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Pseudoskepticism and YOU.

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posted on Jun, 1 2014 @ 12:32 PM
a reply to: DeadSeraph

I think skepticism has become a bit of a trend.
Aped because it's popular in some circles but not quite understood.

posted on Jun, 1 2014 @ 02:13 PM
a reply to: HarbingerOfShadows

Well said. I must say, I was rather disappointed to see the fate of your thread today. I feel like you were trying to point out some very real issues that are somewhat related to this topic. While I suppose you were ultimately proven right beyond any measure of doubt, I fear the lesson was probably lost on most of the threads participants.
edit on 1-6-2014 by DeadSeraph because: (no reason given)

posted on Jun, 1 2014 @ 02:17 PM
Great thread. I really see this with Mars Anomalies and UFO threads the most. I see it a lot when the subject of interstellar travel comes up too. Often it is clothed with the p-skeptic's own world view and limitations...meaning if they can't do it or conceive it then of course it cannot be true.

posted on Jun, 1 2014 @ 02:19 PM

originally posted by: DeadSeraph

originally posted by: Antigod
a reply to: DeadSeraph

Pathologically skeptical?

You mean "requiring some level of basic scientific proof before believing."

Or a claim at least not violating common sense.

People post the msot bizarre claims here, then insist all the scientific work that contradicts it is faked as a cover up. That's a mental health issue.

Skepticism is a healthy starting point for all knowledge.

It would seem you need to acquaint yourself with the definition of pseudoskepticism and how it differs from healthy skepticism. I thought I had outlined it well enough in my OP, but maybe not.

You did. But, the pseudoskeptics only want to debunk you. That is their reason for living. The last thing the p-skeptics here want is truth or an open mind and they will denigrate you incessantly if you bring up anything they disagree with.

posted on Jun, 2 2014 @ 03:06 PM
a reply to: DeadSeraph

So true.

I lot of fake skeptics that seem to want to smear more than test the validity of a conspiracy plot.

posted on Jun, 3 2014 @ 07:43 AM
One thing I've noticed is that a lot of people who call themselves "skeptics" are generally just topically skeptical.
Some things they accept without question.
Or at least, without questioning much.

For example those who accept whatever the scientific community says as unquestionable almost akin to holy writ.
Or should I say, their often flawed perception of what the scientific community says.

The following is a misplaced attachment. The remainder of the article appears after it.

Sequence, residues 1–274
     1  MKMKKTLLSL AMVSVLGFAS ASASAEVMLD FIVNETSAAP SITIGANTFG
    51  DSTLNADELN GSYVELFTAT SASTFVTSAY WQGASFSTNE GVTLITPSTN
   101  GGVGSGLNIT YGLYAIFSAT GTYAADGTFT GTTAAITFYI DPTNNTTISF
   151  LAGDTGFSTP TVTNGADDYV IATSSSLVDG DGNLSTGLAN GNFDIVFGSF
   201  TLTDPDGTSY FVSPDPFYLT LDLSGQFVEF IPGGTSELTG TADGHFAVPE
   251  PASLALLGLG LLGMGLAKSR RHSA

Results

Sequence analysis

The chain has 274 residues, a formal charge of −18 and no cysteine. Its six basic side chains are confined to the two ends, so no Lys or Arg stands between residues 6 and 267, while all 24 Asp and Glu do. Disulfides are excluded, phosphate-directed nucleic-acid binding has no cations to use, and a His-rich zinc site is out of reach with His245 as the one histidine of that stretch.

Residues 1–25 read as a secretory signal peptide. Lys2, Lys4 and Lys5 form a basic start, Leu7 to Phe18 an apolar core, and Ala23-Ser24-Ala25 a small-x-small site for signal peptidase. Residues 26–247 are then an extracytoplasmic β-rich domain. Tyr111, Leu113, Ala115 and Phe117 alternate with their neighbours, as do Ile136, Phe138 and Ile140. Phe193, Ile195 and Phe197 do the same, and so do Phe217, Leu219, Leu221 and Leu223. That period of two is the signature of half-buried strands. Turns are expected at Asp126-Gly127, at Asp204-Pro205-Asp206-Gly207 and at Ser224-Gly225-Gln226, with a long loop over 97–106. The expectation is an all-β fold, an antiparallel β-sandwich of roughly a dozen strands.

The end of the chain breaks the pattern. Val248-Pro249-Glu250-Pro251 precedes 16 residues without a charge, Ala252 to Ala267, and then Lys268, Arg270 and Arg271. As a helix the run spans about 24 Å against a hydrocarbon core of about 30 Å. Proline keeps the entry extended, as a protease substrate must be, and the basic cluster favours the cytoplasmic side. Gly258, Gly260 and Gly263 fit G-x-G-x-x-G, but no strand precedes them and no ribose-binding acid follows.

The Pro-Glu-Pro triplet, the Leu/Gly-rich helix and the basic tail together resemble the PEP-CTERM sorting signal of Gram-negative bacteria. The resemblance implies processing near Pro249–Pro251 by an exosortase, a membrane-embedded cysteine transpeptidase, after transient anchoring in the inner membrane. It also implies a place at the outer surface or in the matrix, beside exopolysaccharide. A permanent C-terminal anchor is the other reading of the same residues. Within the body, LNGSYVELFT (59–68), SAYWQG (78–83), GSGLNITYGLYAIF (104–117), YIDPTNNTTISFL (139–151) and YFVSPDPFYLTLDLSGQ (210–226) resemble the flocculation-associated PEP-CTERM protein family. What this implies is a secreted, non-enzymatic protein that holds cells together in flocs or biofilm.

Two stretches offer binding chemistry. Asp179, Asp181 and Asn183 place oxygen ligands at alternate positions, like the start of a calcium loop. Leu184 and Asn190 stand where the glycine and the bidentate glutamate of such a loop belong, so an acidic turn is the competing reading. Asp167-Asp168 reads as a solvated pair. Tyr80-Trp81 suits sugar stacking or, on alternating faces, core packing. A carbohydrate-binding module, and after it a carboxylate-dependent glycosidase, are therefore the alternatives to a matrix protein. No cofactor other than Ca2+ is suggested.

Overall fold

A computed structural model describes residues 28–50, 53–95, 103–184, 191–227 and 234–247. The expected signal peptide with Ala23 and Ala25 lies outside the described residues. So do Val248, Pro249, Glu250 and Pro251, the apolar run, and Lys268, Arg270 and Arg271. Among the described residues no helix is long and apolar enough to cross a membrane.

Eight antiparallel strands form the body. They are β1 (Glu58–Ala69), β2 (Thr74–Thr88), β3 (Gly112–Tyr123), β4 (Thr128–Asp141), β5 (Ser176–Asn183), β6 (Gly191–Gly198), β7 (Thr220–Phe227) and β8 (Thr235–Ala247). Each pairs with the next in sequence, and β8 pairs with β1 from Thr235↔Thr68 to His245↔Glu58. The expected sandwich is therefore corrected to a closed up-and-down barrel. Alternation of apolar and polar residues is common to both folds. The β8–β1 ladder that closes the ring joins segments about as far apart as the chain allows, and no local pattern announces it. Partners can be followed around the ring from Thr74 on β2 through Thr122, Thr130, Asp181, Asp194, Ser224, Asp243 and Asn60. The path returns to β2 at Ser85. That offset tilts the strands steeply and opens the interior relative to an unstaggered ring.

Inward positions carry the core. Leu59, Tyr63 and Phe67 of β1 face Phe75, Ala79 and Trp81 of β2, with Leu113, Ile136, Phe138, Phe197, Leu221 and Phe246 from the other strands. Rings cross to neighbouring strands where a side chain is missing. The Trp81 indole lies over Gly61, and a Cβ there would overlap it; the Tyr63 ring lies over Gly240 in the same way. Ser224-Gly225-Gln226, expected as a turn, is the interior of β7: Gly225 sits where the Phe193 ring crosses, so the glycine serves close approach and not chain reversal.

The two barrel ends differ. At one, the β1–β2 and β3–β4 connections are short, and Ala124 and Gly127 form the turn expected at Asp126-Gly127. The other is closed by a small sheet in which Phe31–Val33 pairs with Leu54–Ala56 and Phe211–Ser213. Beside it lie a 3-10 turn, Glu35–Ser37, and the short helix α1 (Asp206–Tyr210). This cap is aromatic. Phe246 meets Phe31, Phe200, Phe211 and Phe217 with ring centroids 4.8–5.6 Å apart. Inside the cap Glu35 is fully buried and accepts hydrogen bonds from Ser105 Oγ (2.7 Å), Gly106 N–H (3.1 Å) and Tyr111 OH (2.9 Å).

Then there are times when certain individuals use their membership in said community to forward their personal views.
edit on 3-6-2014 by HarbingerOfShadows because: (no reason given)

posted on Jul, 3 2014 @ 04:33 AM
a reply to: DeadSeraph

I would urge ALL ATS members to read the article in full, and see if you can point out how many times you have seen these tactics used here. But not only that, how many times have you used them? Are you or were you aware of the term "pseudo skepticism" and if so, are you aware that you might be one, or frequently use the tactics of one?

I have done so, and wrote a paper, at length (five pages), in response to it. I posted a thread with a few anecdotes from my paper here:

To sum up, yes, I use the tactics of one quite a bit. I don't identify myself as one, nor do I particularly see anything wrong with it. Regardless of the starting position of a "pseudo-skeptic", if the holes pointed out are genuine "holes" in the theory, I don't see anything beneficial coming from distinguishing someone trying to help you correct your theory and someone trying to disprove it.

I would be interested in hearing how you distinguish between a couple of points:
1. Separating yourself from those who you would call pseudo-skeptics (using "emotional language" to vilify the point of view of those who call your ideas into question in particular, such as calling them pseudo-skeptics)
2. How you respond to genuine holes pointed out in your ideas, separately in each type of case (the first case between someone who is "genuinely" skeptical, and another case in which someone who is trying to debunk your idea, not espousing any ideas of their own and justifying any discrepancies between how you would treat the two cases)

I'm not trying to sound offensive, if it comes off that way by asking those questions. I'm simply wondering why a criticism is different if it is from someone who is trying to debunk your ideas or if it is from whatever definition you use to define a "normal" skeptic, in the case that the criticism is exactly identical from both sources and has exactly the same truth value.

Anyone else who sees any merit to the use of the term, feel free to also explain if you feel like you can explain it adequately.

posted on Jul, 3 2014 @ 04:39 AM

originally posted by: Indigent
I agree with you, but why you put a picture of a guy taking a dump in your post

Actually makes perfect sense to me. Some of my best thinking is done either taking a dump or while in the shower!! Seems to be that when the body is busy the mind shall be free. I'm sure I'm not the only one who's experienced that either.

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